In this last part of the museum we will reflect on the heritage of the war. The commemorative gallery is dedicated to soldiers killed in action and their bereaved relatives. This is a place for reflection and introspection. The Brits kept death registers since 1915. These lists can provide an answer to the many questions of family members of soldiers killed in action. On the battlefield, the troops are responsible for burying their deaths themselves: at night they try to bury as many bodies as possible and the position of the temporary grave is indicated on a map. After the war, special units are dedicated to tracing and unearthing the victims. According to the rules, no burial sites of less than forty graves can be kept. Over 200,000 war victims get a final resting place on one of the many big war cemeteries in this region. After your museum visit, you can go to the nearby Tyne Cot Cemetery, the largest British military cemetery in the world. The almost 12,000 graves and 35,000 names of missing people turn your visit of the enormous city of the dead into a very impressive experience.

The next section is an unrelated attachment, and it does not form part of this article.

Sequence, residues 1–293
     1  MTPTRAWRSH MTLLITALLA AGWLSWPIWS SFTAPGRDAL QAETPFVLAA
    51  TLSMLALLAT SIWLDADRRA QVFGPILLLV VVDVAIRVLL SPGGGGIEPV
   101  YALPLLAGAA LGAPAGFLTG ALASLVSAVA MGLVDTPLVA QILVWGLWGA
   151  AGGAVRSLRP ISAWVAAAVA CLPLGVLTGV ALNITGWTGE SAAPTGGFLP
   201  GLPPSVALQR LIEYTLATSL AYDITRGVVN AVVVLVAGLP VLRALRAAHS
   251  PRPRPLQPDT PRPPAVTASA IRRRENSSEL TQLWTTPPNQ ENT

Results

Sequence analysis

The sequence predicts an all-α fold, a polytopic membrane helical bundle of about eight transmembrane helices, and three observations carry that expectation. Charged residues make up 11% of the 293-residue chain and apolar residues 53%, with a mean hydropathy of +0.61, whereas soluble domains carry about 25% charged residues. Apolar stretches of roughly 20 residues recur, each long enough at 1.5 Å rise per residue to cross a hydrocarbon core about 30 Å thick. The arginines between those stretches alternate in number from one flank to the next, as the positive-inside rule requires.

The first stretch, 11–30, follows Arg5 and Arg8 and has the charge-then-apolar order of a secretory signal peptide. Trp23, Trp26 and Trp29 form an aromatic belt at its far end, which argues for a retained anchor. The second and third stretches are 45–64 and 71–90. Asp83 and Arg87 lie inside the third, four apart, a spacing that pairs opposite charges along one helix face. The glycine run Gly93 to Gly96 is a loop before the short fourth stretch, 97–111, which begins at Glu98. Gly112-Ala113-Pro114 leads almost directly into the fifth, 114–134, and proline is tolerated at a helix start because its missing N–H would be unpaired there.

Discover what our museum has to offer by listening to or by reading the audio stops below. Do you have a warm heart for the Memorial Museum Passchendaele 1917, or do you want to support us in these difficult times? Become a member of the ‘Passchendaele society’ via passchendaele.be and commemorate the Battle of Passchendaele and its more than 600,000 casualties.